• 1997, Edward Wybergh Docker, Lynette Ramsay Silver, Fabulous Furphies: 10 Great Myths from Australia's Past.
    • 2005, , , page 328, Gartrell and Faulkner also released Maurie Daly's letter, which was sent to us on Monday, to the media, putting the Liverpool furphies to rest.
Synonyms: scuttlebutt
fur pie
noun: {{en-noun}}
  1. (slang, vulgar) An unshaven vulva.
    • 1983, W. D. Ehrhart, Vietnam-Perkasie: A Combat Marine Memoir, McFarland (1983), ISBN 9780899500768, page 123: Back in New Jersey, Christ, you should see Ocean City on Memorial Day. Fuckin' fur-pie everywhere. Wall-to-wall beavers. Two piece bikinis with little hairs stickin' out around the crotch.
    • 1993, Carl Hiaasen, Strip Tease, Knopf (1993), ISBN 9780307767400, unnumbered page: His face is maybe twelve inches from Sabrina's fur pie, and the guy is fucking snoring.
    • 2001, & Guillaume Laurant, , 01:00:49-01:01:07 (official English subtitles): Man: Porno Video Palace. Amélie Poulain: I'm calling about the ad. Man: You're over 18? Amélie Poulain: Yes. Man: Shaved? Amélie Poulain: Sorry? Man: Are you shaved? Fur pie doesn't sell.
    • {{seemoreCites}}
Synonyms: fur burger, hair pie
furriner
noun: {{en-noun}}
  1. (Now chiefly pejorative) form of dialectal variant
    • 1853(?), , Yankee Gypsies, I took this 'ere paper, you see, to help a poor furriner, who could n't make himself understood any more than a wild goose.
    • 1885, , By Shore and Sedge, Thar ain't no place whar you haven't as much right to go ez any other man; thar ain't any man, furriner or Amerykan, young or old, dyed or undyed, ez hev got any better rights.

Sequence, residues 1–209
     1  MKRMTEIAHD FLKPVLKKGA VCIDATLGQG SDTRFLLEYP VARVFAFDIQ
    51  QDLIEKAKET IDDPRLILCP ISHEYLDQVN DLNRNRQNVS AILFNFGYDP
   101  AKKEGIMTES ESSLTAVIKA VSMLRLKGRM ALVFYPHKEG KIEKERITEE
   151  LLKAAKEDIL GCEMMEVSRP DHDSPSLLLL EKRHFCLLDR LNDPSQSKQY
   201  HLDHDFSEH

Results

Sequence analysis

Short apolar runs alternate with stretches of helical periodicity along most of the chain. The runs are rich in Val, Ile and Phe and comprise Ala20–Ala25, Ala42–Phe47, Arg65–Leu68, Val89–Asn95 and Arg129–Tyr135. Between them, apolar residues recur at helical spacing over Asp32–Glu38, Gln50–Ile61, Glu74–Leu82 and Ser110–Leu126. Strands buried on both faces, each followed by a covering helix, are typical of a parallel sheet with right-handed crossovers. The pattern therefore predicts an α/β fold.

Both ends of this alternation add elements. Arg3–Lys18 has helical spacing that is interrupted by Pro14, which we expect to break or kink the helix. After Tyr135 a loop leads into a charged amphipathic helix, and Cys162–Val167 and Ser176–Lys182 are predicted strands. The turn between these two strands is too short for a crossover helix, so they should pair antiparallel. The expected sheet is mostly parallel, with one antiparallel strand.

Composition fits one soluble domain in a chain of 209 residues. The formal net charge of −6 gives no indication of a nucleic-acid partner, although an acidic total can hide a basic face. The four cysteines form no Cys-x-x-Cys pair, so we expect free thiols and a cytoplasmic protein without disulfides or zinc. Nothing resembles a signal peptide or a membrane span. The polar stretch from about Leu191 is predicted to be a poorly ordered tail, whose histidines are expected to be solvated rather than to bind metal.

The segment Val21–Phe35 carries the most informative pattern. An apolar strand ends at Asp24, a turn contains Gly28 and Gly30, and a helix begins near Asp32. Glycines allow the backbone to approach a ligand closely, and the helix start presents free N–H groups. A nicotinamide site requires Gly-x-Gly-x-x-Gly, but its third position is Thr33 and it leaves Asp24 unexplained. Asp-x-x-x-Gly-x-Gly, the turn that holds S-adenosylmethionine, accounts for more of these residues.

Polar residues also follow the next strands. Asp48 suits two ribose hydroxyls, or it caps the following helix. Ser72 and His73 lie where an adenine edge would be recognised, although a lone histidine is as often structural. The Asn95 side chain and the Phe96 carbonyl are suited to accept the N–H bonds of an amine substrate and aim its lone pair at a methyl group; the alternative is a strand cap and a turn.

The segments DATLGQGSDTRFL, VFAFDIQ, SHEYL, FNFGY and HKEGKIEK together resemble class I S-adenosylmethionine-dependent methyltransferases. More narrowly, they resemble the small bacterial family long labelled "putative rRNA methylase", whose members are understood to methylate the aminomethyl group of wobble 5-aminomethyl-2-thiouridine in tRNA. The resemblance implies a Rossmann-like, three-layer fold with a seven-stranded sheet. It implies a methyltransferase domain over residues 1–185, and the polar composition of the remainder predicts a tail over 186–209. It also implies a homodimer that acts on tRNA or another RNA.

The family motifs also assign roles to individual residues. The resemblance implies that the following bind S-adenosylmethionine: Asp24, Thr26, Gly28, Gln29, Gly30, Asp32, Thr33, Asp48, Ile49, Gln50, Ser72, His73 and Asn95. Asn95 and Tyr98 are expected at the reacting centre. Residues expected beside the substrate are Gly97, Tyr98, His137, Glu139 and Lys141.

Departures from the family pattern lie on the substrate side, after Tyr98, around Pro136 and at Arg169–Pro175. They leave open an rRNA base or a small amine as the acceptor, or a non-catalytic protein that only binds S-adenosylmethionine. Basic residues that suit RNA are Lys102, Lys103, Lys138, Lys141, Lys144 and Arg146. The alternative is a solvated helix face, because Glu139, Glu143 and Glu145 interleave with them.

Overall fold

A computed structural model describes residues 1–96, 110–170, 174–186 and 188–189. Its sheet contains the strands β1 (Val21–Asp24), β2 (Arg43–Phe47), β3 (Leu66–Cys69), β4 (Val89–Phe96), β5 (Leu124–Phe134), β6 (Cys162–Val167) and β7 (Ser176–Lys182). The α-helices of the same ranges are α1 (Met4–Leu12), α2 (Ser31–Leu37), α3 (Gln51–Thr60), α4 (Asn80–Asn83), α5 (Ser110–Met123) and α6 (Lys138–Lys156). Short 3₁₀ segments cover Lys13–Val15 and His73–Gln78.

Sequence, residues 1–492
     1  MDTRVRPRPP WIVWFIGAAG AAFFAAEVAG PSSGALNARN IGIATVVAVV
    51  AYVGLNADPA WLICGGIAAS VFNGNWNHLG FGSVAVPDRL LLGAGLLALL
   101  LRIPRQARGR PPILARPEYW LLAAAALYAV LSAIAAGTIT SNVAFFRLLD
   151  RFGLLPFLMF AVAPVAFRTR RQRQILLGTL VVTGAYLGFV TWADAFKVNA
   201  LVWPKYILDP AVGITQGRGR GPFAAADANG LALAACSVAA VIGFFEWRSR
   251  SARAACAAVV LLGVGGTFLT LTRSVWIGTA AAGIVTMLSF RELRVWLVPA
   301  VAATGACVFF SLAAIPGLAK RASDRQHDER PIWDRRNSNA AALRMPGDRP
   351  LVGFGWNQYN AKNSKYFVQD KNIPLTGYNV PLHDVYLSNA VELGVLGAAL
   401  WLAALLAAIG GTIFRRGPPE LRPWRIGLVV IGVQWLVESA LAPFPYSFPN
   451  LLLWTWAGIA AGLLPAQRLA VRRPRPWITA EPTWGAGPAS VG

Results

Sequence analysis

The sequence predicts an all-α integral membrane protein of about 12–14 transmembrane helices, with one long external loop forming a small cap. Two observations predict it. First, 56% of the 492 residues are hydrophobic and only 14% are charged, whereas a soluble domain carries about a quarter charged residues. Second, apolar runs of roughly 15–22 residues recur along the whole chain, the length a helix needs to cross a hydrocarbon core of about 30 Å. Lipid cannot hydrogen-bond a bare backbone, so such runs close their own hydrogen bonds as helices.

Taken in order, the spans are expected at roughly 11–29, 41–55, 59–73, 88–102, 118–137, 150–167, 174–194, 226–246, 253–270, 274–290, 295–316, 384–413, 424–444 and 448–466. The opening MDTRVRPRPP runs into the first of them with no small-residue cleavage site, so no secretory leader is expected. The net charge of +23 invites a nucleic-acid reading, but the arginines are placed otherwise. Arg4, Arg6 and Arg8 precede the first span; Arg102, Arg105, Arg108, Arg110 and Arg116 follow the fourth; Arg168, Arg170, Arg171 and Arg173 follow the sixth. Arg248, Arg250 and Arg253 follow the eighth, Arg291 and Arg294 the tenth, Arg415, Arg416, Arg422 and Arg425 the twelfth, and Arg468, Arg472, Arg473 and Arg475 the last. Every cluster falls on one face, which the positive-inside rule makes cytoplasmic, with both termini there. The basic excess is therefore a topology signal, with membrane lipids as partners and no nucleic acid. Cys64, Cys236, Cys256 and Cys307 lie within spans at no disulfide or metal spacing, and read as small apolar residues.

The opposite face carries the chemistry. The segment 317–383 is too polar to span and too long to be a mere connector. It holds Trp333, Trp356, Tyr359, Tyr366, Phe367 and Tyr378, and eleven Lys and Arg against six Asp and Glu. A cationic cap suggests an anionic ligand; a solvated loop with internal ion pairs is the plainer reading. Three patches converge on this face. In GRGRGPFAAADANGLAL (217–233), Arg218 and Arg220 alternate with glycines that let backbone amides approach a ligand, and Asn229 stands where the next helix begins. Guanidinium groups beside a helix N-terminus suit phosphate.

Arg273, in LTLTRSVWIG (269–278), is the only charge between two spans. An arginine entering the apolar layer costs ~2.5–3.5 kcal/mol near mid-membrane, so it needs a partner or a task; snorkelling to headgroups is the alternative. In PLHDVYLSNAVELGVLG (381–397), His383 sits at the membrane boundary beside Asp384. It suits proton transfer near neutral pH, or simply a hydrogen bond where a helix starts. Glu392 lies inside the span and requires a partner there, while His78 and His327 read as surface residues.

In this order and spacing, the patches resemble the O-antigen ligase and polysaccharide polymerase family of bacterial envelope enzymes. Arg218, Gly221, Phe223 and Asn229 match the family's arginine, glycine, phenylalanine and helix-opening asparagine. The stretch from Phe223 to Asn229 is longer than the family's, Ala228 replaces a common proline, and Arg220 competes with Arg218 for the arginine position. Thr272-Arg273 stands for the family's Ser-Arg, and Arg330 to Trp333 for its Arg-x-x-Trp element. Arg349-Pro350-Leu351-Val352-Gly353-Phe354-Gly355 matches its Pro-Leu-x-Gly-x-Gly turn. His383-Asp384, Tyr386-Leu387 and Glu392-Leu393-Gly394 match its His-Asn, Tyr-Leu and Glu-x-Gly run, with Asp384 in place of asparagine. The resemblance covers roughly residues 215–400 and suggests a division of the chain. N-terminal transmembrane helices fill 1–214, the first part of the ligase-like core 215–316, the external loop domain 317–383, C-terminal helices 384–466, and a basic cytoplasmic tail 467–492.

• 1905, , The Scarlet Pimpernel, Just fancy ME bein' talked over by any God-forsaken furriner!
related terms:
  • furrin
furry {{wikipedia}} pronunciation
  • (RP) /ˈfɜːɹi/
  • (US) /ˈfɝ.ɹi/
  • {{rhymes}}
adjective: {{en-adj}}
  1. Covered with fur, or with something resembling fur.
  2. (informal) Having both animal and human characteristics; of or related to the furry subculture.
noun: {{en-noun}}
  1. An animal character with human characteristics; most commonly refers to such characters created by members of the furry subculture.
  2. (slang) A member of the furry fandom or subculture; a furfan.
  3. (slang) Someone who roleplay or describes themselves as being a furry character. (compare therianthrope)
related terms:
  • furdom
  • furfag
  • furfan
  • furrydom
  • fursecution
coordinate terms:
  • (furry fandom senses) scalie, avian
furry muff etymology Humorous alteration due to the homœophony of fair enough and
interjection: {{en-interj}}
  1. (slang, jocular) fair enough
Synonyms: fairy snuff, fair dos
fursuit {{wikipedia}} etymology From fur + suit.
noun: {{en-noun}}
  1. (slang) An animal outfit used in the furry subculture.
verb: {{en-verb}}
  1. (intransitive) To wear a fursuit.
furtherest
adjective: {{head}}
  1. (nonstandard, humorous use only, informal) furthest
fuse {{wikipedia}} pronunciation
  • {{enPR}}, /fjuːz/
  • {{rhymes}}
etymology 1 From Italian fuso and French fusée, from Latin fusus.
noun: {{en-noun}}